The Rise of the C Class in Brazil

And Why M&C Saatchi Opened There

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In 2008, nearly 20 million people became part of the C class in Brazil, which now boasts 86 million people and represents 46% of the population of this country. That tops the population of the three most densely populated states in the U.S. And the growth of this middle class has come more from the rise of the lower classes -- the D and E classes in socioeconomic terms -- than from diminishing the ranks of the A and B segments.

"The power of consumption of the Brazilian C class was already growing at close to a 30% annual rate before the global crisis," says research director Rosangela Bolze.

Ms. Bolze and Damiana Buosi were partners in an eponymous research company bought recently by London-based M&C Saatchi. Together they have 40 years of experience in market research, working currently with Unilever, Citibank and Natura, among other clients, in Latin America and Europe. All that experience will be vital to helping one of Brazil's newest agencies grow in extremely tough times.

Rosangela Bolze
Rosangela Bolze

News of the arrival of M&C Saatchi in Brazilian territory surprised the local and regional industry. "We have always believed that the time to gain market share is during crisis periods, when the competition is fearful and underinvesting," says Geoffrey Hamilton-Jones, president of M&C Saatchi, Sao Paulo. "Purely from a geographic and economic viewpoint, Latin America represented a big gap in our ability to work with international clients on a global basis."

Worldwide CEO Moray MacLennan adds: "We admire the creativity and vitality of advertising professionals in Brazil and Latin America. Having a presence there improves our chances both of working with major Brazilian companies as they expand internationally and with major international companies as they expand in Brazil."

Further expansion in Latin America to places like Argentina, Chile, Colombia and Mexico hasn't been ruled out.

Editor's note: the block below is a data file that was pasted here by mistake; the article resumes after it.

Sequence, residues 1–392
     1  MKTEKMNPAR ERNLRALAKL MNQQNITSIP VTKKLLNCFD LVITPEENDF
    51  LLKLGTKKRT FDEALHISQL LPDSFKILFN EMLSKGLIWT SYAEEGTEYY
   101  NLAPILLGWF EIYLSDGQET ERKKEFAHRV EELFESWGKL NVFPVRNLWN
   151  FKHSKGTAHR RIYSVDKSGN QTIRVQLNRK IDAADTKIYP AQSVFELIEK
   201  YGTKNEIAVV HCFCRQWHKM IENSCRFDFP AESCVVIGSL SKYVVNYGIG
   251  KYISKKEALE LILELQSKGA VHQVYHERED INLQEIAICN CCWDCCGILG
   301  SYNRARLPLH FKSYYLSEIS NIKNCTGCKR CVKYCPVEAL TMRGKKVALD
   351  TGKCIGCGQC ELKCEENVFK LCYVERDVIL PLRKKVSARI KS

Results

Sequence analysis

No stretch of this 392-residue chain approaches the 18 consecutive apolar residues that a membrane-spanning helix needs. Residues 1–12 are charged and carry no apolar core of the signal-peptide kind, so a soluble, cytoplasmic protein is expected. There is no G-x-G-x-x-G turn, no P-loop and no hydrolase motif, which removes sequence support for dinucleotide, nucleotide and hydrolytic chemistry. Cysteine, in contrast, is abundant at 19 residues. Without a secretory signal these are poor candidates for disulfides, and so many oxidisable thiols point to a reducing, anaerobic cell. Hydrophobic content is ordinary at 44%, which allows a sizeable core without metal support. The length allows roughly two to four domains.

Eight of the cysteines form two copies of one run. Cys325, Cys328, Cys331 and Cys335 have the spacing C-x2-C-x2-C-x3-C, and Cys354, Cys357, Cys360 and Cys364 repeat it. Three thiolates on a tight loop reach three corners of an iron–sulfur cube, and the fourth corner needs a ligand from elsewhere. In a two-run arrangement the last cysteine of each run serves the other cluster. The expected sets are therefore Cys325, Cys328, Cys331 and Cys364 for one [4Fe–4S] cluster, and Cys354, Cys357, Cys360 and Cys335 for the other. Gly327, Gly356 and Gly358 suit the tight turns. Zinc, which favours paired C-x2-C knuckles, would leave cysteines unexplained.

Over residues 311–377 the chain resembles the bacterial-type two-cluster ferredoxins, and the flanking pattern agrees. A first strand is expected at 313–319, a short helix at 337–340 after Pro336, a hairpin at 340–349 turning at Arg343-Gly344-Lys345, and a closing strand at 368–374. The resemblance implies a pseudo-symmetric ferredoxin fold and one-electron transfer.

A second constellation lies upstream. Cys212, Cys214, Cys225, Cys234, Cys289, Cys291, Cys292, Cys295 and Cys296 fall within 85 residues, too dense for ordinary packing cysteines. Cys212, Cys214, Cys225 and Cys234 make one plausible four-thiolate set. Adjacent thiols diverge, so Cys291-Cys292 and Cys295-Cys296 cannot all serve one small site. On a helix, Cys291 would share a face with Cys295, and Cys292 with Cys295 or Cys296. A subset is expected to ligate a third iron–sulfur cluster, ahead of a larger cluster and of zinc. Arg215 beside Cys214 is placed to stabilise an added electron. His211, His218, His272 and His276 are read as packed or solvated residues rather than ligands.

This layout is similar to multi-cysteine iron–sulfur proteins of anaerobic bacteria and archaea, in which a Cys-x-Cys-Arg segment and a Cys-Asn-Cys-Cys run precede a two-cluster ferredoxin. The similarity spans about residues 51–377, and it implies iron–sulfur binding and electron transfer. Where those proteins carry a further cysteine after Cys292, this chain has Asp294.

But the first order of business is securing the beachhead, and that requires engaging a middle class that has been affected by the recession but hasn't been squashed and is still a fertile ground for marketers. "With offer of long-term credit, this consumer has had access to inspirational, automobile, electro-domestic goods and internet access," says Ms. Bolze. "Casas Bahia, one of the main home-goods stores, was a pioneer and had success positioning itself in the lower-income segment and has become, in fact, an international case of success."

The consumer desire of the C class has been linked to the home -- renovation or decoration -- and to improving the environment and quality of life of the family. So cleaning products and foods like soda, ready-to-drink juices, yogurts and ice creams were among the products that grew.

Here's one example: 57% of the washing machines in Brazil are "tanquinho," a semi-automatic and economical type of washing machine, according to data from Latin Panel, a Latin research firm. Seeing this, Unilever just launched a line of products in the country that are specially designed for doing laundry in these machines, which allow the use of the same water three times. It's a soap called "OMO Multiação Tanquinho" and there's another product for rinsing, "Comfort Concentrado Tanquinho." This allows the C segment to access a premium brand like Unilever's and take care, at the same time, of their home economy. All the research made prior to this creation from Unilever came from Ms. Bolze, though the agency responsible for the campaign was Brazilian Neogama/ BBH.

It is difficult to estimate how much this crisis will affect the growth of the Brazilian C class. Nonetheless, according to Ms. Bolze, there is an irrefutable truth: "This segment that had access to consumption and already tasted the sweet will never be the same. It will continue to be more selective in consumption, looking for quality, efficiency and added value. And it is here where companies will have to find alternatives so as to not miss out."

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Aixa Rocca is Argentine and lives in Buenos Aires. After studying advertising she became a journalist and has worked for FIAP Ibero American Festival and Adlatina. She is also an amateur photographer and co-director of a new freelance-journalism firm called S.A. Journalists.

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